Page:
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    • 12 JUN 19
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    A Healthy Summer Diet Means Healthier Teeth

    Picture showing group of friends having barbecue party in backyard

    There is a popular saying, “You are what you eat.” This saying is quite true when it comes to your oral health. What you eat and drink can determine if you end up with oral health diseases or if you keep your teeth all your life. Even the best eating habits can falter in the summer when parties, reunions, vacations and days in the sun are so popular. Here are a few reasons why a healthier summer diet can help your teeth stay healthy, beautiful and strong!

     

    Selection of grilled barbecue meat including chicken and sausages with salad on top of a wooden table

    Summertime Means Summer Treats

    When you think of past summer memories, is food involved in some of those memories? For many, pies, ice cream, popsicles and foods at summer parties and barbecues are part of their summer experience. These types of treats are more popular in the summer, especially in June and July. In fact, for ice cream sales alone, June and July top the list of the most ice cream sold all year long. However, those summer treats can lead to tooth decay if you’re not careful.

    Have you ever looked in the mirror at your teeth and seen clear, cruddy goo around your gum line? That substance is called plaque, and it’s what leads to cavities (tooth decay) and gum disease. When you eat, sugars in your foods and drinks mix with certain mouth bacteria. This creates a sticky, clear and acidic film called plaque, and that plaque sticks straight to your teeth.

     

    Plaque is the substance that causes tooth decay and gum disease, which both cause tooth loss. Tooth decay (cavities) is the most prevalent chronic disease in children and adults according to the National Institute of Dental and Craniofacial Research. Gum disease as well affects more than 64.7 million Americans. Both lead to tooth loss and both can be 100% avoided if you brush and floss daily, visit the dentist and limit your sugar intake. For all the summer treats that are sure to be happening, you want to follow a few guidelines to help reduce your risk for any oral health problems now and in the future.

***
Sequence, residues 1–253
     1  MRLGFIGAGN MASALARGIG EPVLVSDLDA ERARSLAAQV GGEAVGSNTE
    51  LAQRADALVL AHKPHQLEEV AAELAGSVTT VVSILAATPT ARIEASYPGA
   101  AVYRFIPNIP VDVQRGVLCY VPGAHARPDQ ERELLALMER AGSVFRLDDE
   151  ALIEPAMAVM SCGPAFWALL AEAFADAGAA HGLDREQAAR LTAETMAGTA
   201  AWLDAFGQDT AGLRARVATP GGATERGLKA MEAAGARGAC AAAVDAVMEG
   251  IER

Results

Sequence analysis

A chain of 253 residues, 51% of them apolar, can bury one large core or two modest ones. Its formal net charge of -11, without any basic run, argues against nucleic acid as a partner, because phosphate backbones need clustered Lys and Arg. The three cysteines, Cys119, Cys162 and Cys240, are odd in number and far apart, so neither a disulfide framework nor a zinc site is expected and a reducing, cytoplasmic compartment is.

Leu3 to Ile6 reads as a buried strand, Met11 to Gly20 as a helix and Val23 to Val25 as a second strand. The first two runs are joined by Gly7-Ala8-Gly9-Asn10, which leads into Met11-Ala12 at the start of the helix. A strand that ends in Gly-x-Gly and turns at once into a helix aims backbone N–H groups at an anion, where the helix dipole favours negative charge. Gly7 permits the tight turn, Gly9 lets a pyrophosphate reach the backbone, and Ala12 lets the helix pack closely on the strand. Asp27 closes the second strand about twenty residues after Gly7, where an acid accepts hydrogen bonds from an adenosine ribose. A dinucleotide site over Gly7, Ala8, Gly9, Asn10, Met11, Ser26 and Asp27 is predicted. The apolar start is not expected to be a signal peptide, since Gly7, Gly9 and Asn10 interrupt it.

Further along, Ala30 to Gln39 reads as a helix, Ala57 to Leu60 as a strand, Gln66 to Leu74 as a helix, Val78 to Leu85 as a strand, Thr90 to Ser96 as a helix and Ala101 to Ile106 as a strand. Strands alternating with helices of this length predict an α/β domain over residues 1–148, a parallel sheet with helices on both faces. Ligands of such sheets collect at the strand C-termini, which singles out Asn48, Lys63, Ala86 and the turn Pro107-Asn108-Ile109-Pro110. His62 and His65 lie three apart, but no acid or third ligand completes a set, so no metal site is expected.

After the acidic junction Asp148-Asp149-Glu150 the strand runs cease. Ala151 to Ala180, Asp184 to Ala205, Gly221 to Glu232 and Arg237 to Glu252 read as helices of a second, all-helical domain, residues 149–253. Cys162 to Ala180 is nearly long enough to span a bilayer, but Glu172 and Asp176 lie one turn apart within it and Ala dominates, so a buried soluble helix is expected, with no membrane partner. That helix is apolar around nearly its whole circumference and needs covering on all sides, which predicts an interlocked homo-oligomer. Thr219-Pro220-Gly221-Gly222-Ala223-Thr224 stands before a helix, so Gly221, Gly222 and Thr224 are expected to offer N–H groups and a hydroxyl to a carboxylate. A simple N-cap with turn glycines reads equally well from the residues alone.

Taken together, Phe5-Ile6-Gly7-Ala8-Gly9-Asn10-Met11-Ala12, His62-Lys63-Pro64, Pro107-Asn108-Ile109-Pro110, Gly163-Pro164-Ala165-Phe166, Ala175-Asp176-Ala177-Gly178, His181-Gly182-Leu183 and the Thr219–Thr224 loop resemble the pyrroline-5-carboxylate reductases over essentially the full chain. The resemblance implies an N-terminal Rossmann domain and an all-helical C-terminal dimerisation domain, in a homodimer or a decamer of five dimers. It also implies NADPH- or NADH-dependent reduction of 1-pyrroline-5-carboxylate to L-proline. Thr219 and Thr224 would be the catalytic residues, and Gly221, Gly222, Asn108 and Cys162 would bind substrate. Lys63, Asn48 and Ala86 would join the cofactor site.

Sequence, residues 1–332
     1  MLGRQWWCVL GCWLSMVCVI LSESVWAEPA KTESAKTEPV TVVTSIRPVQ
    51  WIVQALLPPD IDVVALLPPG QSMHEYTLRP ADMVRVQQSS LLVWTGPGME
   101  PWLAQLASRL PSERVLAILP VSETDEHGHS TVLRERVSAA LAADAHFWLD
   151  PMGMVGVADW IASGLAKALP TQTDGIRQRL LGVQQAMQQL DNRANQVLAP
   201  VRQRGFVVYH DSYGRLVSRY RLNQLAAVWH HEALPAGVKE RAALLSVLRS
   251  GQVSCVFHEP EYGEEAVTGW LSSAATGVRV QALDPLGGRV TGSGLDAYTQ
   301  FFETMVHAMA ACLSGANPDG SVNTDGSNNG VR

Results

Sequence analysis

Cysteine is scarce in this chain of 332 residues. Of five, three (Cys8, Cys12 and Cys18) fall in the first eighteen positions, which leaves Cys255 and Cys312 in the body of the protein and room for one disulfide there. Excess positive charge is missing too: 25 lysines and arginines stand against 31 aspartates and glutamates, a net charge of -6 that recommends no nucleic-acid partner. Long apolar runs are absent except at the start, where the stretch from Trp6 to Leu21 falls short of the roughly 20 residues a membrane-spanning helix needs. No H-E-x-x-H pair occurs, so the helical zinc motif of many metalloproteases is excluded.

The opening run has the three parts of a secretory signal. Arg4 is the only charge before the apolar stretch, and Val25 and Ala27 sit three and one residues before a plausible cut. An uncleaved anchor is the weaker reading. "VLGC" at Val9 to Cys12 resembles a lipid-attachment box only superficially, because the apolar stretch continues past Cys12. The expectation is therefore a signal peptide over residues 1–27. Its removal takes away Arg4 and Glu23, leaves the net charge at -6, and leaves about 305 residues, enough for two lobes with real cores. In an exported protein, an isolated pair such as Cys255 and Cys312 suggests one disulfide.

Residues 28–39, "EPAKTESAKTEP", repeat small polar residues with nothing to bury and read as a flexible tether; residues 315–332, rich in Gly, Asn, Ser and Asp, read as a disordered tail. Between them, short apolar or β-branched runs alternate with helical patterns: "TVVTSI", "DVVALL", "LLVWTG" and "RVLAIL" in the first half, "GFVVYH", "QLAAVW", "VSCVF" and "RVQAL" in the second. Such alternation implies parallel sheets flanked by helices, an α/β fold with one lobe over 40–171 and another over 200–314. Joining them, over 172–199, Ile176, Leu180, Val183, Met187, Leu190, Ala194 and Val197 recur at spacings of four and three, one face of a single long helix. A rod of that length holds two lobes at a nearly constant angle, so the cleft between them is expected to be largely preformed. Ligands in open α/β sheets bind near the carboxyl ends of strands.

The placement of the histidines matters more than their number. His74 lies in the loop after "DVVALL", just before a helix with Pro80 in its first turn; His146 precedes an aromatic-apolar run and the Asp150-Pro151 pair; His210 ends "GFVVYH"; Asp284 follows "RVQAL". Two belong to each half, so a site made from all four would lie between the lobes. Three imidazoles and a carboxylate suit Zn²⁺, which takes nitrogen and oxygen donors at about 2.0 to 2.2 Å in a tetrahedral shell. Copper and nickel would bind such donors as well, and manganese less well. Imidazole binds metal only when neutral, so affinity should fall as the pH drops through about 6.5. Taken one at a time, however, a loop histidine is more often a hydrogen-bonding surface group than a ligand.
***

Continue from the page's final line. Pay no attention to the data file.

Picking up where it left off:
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    Watch Your Drinks

    Love the fizzy bubbles in your soda pop? You may like the taste, but this type of drink is damaging your teeth rather quickly. In both sparkling water choices and sodas, the fizzy bubbles are produced when carbonic acid mixes with water. Because it’s acid, it breaks up the minerals of your teeth. Plus, acids sit on your teeth for 20-30 minutes after drinking, working on that demineralization (so wait that long to brush).

     

    Citrus fruits and drinks will also have the same effect on your teeth, as they contain “citric acid”. You want to wait the same amount of time after eating or drinking citrus so you don’t take extra enamel off the teeth. Check food and drink labels, as many drinks (sports, energy, alcoholic drinks, etc.) have citric acid as a preservative. Sticking to water or milk to have healthier teeth, or sip through a straw with carbonated or citrus drinks.